Power outages in South Africa - self-consumption power plants in demand

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At present, South Africa is again facing load shedding, i.e. controlled power cuts to relieve the power grid. Due to persistent power outages, demand for self-consumption power plants and battery solutions is growing among companies and private households. At present, South Africa is again facing load shedding, i.e. controlled power cuts to relieve the power grid. Due to persistent power outages, demand for self-consumption power plants and battery solutions is growing among companies and private households.

 

 

South Africa has been struggling with power shortages for years. The reason for it are ‘clapped out’ coal-fired power plants, neglected maintenance, years of delays in the completion of new coal-fired power plants and high indebtedness of the state-owned power utility („Eskom”). In order to prevent a total blackout, load shedding was introduced in South Africa. Load shedding is a measure consisting of controlled power cuts across various regions of the country on a rotating basis. More specifically, it means that South Africa has been divided into zones and the power is cut off in the respective zones at different times based on a strict schedule. The frequency of those power cuts depends on the load shedding stage (stage 1 to stage 8). The load shedding stages describe how many MW are shed from the grid. Stage 1 means that 1,000 MW are load shed, stage 2 – 2,000 MW, etc.

 

In November 2018, load shedding was implemented again after it had been suspended for three years. In December and January, it was initially possible to avoid further power cuts by using diesel. This very costly emergency solution turned out to be unsuccessful in February 2019 as all reserves of diesel fuel were exhausted in the country. As a result, load shedding stage 4 was immediately launched in February. Stage 4 means specifically that the power goes off each time for 2.5 hours three times within 24 hours.

 

As the national elections are on the doorstep in South Africa, load shedding is also a political issue. Campaign posters of the main opposition party featuring the slogan „Keep the lights on” are everywhere in the streets. In his annual State of the Nation Address, the South African President announced the splitting up of the state-owned power utility. This means that, in future, Eskom will be split into three separate entities for Generation, Transmission and Distribution under Eskom Holdings. However, privatisation of Eskom is not taken into account as a possible scenario.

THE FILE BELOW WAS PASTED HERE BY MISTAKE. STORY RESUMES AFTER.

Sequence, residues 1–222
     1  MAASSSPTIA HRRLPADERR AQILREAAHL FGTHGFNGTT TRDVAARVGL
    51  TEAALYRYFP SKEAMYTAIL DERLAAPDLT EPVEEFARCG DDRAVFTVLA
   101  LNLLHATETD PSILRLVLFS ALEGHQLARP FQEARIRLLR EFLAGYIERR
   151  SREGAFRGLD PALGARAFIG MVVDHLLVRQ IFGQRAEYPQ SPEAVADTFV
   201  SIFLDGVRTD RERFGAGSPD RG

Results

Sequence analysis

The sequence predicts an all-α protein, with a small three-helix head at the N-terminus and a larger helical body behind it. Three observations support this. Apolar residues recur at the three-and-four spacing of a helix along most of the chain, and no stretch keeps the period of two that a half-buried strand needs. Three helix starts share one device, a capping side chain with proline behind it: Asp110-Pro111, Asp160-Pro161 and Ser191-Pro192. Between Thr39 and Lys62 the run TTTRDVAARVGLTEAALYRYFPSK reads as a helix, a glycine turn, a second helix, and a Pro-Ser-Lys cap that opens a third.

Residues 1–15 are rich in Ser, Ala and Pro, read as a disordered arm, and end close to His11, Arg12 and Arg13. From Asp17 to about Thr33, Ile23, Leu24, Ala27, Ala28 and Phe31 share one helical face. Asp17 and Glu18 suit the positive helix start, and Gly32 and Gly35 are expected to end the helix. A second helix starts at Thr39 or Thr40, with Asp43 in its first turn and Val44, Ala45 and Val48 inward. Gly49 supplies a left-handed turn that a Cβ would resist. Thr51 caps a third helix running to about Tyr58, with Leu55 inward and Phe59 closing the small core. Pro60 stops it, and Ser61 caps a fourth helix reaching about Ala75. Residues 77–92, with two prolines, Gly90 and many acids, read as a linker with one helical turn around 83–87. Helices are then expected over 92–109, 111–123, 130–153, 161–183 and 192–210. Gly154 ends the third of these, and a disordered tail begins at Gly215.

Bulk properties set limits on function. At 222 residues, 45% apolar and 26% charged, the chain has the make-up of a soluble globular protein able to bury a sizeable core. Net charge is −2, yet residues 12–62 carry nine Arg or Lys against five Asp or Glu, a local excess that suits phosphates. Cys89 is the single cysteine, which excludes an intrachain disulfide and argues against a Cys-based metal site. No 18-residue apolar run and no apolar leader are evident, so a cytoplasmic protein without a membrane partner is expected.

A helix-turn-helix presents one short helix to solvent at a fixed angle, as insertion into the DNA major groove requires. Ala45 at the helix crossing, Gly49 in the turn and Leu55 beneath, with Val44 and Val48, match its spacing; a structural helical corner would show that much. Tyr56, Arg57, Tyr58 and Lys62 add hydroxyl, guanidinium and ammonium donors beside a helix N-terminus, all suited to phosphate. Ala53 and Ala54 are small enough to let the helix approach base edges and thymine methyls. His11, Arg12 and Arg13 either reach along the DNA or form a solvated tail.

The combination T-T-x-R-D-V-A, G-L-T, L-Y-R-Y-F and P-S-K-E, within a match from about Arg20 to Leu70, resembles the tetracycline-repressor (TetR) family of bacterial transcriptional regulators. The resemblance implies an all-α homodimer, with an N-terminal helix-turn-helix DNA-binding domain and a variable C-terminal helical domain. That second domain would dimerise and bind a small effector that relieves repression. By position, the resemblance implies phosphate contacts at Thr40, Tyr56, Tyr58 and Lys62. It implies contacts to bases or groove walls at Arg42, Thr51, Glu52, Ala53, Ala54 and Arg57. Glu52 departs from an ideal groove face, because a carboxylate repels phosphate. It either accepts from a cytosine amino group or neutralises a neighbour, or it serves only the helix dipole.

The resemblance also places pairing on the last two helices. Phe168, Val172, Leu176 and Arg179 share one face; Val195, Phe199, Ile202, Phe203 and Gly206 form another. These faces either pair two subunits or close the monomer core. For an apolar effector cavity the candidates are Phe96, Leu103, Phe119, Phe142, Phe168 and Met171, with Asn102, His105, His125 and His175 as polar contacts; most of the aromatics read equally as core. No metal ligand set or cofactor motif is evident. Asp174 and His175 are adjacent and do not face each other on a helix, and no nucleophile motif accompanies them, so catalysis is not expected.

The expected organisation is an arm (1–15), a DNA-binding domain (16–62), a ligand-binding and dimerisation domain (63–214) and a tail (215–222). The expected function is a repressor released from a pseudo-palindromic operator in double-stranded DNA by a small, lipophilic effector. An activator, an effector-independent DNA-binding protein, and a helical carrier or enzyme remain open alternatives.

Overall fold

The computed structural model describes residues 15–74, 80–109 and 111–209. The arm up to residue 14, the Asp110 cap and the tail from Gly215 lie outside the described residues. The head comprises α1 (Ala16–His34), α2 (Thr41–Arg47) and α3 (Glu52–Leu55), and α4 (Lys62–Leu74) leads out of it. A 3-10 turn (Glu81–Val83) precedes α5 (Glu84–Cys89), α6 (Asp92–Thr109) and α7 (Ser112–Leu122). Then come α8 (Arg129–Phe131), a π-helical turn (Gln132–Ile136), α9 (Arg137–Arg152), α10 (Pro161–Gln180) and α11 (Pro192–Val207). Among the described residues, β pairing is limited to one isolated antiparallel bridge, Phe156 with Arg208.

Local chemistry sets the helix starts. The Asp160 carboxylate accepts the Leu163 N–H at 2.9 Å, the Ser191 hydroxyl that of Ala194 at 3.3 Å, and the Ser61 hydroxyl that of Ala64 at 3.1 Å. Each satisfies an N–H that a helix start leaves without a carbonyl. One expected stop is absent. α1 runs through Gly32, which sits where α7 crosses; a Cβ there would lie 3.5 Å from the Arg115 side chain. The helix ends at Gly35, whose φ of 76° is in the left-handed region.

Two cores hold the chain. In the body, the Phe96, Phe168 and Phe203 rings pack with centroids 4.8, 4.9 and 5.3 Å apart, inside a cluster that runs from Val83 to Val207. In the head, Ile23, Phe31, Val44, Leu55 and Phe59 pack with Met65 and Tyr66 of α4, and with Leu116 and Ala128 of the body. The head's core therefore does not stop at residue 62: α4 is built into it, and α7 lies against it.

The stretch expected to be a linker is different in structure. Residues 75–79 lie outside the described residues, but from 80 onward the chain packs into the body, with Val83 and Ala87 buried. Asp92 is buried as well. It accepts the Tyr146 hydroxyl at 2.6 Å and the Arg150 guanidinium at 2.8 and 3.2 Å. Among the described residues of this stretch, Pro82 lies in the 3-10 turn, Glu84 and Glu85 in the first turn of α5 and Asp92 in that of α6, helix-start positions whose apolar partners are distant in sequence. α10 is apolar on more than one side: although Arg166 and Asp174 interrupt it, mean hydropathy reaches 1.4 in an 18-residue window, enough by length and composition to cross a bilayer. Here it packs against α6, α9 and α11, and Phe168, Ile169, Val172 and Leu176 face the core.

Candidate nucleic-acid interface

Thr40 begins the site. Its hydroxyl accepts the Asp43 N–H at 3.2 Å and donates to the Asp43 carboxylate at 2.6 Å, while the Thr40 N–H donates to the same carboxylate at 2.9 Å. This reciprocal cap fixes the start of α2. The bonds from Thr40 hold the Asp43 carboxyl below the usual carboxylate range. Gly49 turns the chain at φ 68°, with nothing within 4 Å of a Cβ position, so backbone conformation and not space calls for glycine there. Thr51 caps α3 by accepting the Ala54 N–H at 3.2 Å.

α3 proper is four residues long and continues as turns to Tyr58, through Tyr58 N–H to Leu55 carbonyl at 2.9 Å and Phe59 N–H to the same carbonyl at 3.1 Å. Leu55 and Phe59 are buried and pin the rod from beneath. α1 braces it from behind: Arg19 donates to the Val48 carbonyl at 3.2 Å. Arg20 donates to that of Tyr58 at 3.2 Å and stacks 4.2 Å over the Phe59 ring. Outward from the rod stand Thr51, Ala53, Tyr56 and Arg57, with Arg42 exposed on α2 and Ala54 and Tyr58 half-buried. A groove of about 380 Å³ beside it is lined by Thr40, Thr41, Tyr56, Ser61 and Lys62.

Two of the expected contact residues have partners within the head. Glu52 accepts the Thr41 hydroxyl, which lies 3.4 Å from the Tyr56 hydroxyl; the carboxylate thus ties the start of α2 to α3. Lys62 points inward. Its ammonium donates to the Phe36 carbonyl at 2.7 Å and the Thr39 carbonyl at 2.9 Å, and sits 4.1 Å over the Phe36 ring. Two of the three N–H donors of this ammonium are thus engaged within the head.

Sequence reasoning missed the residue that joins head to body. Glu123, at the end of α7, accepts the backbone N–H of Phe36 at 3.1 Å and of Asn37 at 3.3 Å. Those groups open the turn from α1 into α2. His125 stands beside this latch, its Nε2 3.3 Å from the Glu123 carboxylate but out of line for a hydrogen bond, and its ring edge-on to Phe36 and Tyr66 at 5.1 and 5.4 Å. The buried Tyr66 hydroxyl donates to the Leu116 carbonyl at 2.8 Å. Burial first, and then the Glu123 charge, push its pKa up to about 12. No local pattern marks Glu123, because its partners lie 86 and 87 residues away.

A stronger focus on renewable energies and a greater opening-up of the energy market to independent electricity producers would put an end to power shortages. A new round of the public auction programme („Renewable Energy Independent Power Producer Procurement Programme- ”), which was launched in 2011 and as part of which 3,776 MW have been fed into the grid so far, is expected to commence in 2020/2021.

 

Load shedding creates great opportunities for German companies in the area of self-consumption power plants. The number of roof-mounted PV systems is increasingly growing in South Africa. Some municipalities also allow self-consumption power plants of up to 1 MW to feed electricity into the grid through net metering. Due to load shedding, especially battery solutions are in high demand. Both companies and private households want to cut themselves off from Eskom and the uncertainty surrounding power supply.

 

Entering the South African market is not complicated compared to other African countries. Especially establishing a local company is easy as the whole process takes approx. 2 weeks to complete. The South African financial sector meets the European standards. In addition, South Africa may serve as a springboard for breaking into other African markets in sub-Saharan Africa.

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